However there're differences regarding the background and the story plot. Vida's game is played by Apollo and Mercury at the Olympus. Kochanowski's by two men for the love of a woman. It must be noted that in Vida there's also a small but strong female presence. Scacchidis [later Caissa], a Seriad nymph, who gave her name to the game.

[editable poem's text in Polish in, also more regarding literature in Kochanowski's Gambit by Wiktor Weintraub, article in]

Dilaram chess problem / mansuba

But, as I see it, a more significant loan is the adjourned position, shown above. Wiki author mentions that it's based on an older famous shatranj mansuba under the name Dilaram problem, citing Ziomek's Renesans, 1999, p. 272. And seems to be true. A fact that should be mentioned is the really good diplomatic relationships between Ottoman Empire and Kingdom of Poland during the 16th century, something that maybe could justify such a quick, as it seems, loan.

from Man Ms 57

One typical position in shatranj mansubat is the above from the so called Man MS 57

On this Murray, p. 311 n. 83, writes:

"In S it is called mansuba al-jariya (the maiden's problem). In F it is called the problem of Dilaram chengi, and the following story is told, as from al-Lajlaj [*Murray's fn: No importance can be attached to this use of al-Lajlaj's name, for he plays an entirely mythical part in this work]. Dilaram was the favourite wife of a certain nobleman, who had given her this name because his heart knew no peace without her, the name Dilaram meaning 'heart's ease'. Once he was playing chess with a very strong player, and finally staked Dilaram on the game. The game went badly for him, and he found himself in such a position that his opponent appeared to have a certain mate on the next move. At this moment Dilaram cried out in distress, 'Sacrifice your two Rooks, and not me.' Her lover saw the line of play that she meant, and won the game. With everincreasing embellishment this story is given in all the later MSS., and reaches its most ornate form in Durgaprasada's Urdu work. Here the hero of the game is the Moghul Emperor Shah Julian, and his four wives all advise him, but Dilaram alone sees how to save the game. This problem was one of the most popular of all the Muslim problems..."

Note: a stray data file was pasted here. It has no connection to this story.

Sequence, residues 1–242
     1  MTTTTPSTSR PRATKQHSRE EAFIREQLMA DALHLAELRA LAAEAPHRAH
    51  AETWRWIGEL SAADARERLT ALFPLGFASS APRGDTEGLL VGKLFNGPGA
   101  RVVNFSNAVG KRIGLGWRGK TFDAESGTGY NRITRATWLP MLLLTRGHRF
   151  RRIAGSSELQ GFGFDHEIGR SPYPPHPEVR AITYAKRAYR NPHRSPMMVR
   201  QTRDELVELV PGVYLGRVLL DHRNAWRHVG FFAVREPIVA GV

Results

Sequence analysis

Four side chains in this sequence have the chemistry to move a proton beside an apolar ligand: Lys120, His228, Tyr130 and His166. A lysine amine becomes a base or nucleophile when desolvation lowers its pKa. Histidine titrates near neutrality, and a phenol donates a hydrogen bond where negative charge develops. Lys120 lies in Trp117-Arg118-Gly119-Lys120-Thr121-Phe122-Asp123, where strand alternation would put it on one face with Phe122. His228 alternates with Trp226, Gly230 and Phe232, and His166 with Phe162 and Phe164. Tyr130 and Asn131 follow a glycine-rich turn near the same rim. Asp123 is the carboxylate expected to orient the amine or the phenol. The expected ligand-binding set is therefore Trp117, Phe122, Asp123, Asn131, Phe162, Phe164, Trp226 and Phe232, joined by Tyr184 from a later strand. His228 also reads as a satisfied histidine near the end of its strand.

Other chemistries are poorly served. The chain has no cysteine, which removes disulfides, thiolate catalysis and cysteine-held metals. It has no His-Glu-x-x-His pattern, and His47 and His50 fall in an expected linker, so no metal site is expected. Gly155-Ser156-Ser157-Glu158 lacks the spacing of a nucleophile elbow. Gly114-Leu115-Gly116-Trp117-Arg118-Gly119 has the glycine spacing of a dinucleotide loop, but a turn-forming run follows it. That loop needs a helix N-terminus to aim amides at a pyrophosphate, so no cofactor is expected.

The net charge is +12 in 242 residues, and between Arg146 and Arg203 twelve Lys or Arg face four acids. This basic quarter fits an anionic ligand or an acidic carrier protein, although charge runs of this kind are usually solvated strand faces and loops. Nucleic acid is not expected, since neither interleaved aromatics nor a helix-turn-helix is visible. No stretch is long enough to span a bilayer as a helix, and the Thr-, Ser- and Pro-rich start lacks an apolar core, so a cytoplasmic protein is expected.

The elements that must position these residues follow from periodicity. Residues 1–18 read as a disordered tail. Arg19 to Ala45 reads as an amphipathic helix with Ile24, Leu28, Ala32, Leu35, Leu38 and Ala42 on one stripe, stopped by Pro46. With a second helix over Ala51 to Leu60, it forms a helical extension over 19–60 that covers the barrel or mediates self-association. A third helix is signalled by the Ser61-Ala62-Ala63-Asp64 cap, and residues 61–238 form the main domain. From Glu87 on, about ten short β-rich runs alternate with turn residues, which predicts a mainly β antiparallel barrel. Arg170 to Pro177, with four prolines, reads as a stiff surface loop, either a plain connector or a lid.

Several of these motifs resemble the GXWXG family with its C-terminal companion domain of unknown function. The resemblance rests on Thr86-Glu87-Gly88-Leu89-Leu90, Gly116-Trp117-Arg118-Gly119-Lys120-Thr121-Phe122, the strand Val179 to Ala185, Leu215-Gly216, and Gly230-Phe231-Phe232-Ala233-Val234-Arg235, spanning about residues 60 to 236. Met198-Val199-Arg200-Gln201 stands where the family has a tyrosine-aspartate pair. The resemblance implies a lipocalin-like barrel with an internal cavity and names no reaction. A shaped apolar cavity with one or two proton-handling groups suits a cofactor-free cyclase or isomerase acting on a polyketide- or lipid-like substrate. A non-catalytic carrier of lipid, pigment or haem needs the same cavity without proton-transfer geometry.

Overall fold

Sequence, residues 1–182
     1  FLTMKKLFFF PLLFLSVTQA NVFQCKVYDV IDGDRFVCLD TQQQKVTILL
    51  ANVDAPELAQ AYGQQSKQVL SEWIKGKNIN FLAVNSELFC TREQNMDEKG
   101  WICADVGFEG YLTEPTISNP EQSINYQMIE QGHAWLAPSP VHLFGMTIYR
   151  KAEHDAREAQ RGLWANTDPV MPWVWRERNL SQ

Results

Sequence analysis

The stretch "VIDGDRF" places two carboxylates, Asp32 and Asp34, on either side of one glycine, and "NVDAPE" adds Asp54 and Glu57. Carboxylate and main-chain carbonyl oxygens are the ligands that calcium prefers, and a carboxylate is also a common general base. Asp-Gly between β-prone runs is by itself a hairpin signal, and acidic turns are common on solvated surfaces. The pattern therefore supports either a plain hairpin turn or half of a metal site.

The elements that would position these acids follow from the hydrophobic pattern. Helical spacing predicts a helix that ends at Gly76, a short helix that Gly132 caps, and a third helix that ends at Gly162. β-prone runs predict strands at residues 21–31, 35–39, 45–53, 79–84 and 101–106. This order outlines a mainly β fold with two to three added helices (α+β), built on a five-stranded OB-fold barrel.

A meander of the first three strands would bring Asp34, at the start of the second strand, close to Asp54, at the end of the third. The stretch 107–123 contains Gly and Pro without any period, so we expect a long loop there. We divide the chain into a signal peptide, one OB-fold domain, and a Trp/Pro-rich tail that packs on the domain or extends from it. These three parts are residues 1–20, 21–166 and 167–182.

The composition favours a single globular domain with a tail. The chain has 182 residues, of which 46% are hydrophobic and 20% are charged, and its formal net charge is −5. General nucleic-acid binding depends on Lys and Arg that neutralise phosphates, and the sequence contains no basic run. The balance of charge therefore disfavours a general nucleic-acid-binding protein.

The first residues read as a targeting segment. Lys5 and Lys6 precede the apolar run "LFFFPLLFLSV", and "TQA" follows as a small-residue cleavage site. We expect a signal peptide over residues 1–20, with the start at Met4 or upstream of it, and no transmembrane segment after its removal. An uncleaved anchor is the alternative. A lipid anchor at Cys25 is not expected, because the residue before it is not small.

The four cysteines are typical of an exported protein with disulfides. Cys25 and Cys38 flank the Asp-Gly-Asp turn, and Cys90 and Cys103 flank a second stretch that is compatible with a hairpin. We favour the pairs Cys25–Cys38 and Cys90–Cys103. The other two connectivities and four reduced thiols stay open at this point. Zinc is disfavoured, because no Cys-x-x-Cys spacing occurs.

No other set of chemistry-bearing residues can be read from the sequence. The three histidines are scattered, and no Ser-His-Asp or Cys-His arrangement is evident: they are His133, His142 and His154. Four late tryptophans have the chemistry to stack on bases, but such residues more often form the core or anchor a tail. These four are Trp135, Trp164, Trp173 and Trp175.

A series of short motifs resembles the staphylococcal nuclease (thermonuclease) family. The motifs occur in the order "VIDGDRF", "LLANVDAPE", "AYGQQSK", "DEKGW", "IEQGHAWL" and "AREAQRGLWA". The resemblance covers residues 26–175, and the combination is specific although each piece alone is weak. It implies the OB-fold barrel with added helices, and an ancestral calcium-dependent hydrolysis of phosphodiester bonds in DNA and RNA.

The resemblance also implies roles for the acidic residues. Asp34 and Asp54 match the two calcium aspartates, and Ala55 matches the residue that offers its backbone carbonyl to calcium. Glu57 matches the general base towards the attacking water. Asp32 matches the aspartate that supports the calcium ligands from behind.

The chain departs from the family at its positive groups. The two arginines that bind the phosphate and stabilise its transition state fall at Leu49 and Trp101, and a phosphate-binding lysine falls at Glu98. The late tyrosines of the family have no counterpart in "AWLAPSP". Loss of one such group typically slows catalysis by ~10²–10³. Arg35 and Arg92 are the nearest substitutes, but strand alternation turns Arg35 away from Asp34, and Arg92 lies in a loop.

recent drawing of the Dilaram story created by artist Ludmila Gavrilova, found in [no further info found]

Fascinating! In F MS a wife, Dilaram, founds a similar solution on a difficult chess position helping the man that she loved, just as in Szachy. However she's a wife, while Anna, the Dane princess, is more of a maiden, like in S MS.